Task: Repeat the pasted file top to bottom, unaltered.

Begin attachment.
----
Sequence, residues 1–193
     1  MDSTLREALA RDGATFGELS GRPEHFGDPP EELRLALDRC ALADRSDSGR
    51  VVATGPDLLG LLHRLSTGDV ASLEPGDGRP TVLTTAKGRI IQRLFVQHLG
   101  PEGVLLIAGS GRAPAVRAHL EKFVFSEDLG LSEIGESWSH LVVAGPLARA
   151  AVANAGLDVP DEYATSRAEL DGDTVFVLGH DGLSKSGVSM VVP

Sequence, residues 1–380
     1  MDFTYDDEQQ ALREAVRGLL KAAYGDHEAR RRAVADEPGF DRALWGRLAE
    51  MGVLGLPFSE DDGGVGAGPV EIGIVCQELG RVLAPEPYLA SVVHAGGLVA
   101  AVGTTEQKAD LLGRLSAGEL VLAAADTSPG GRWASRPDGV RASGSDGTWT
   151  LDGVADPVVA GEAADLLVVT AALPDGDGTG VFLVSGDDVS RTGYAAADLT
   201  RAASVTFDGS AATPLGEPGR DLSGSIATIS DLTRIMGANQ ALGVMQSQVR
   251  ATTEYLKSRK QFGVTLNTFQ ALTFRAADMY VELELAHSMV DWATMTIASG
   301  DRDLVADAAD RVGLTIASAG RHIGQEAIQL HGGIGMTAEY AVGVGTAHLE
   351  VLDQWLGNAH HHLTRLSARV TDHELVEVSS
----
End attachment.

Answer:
Sequence, residues 1–193
     1  MDSTLREALA RDGATFGELS GRPEHFGDPP EELRLALDRC ALADRSDSGR
    51  VVATGPDLLG LLHRLSTGDV ASLEPGDGRP TVLTTAKGRI IQRLFVQHLG
   101  PEGVLLIAGS GRAPAVRAHL EKFVFSEDLG LSEIGESWSH LVVAGPLARA
   151  AVANAGLDVP DEYATSRAEL DGDTVFVLGH DGLSKSGVSM VVP

Sequence, residues 1–380
     1  MDFTYDDEQQ ALREAVRGLL KAAYGDHEAR RRAVADEPGF DRALWGRLAE
    51  MGVLGLPFSE DDGGVGAGPV EIGIVCQELG RVLAPEPYLA SVVHAGGLVA
   101  AVGTTEQKAD LLGRLSAGEL VLAAADTSPG GRWASRPDGV RASGSDGTWT
   151  LDGVADPVVA GEAADLLVVT AALPDGDGTG VFLVSGDDVS RTGYAAADLT
   201  RAASVTFDGS AATPLGEPGR DLSGSIATIS DLTRIMGANQ ALGVMQSQVR
   251  ATTEYLKSRK QFGVTLNTFQ ALTFRAADMY VELELAHSMV DWATMTIASG
   301  DRDLVADAAD RVGLTIASAG RHIGQEAIQL HGGIGMTAEY AVGVGTAHLE
   351  VLDQWLGNAH HHLTRLSARV TDHELVEVSS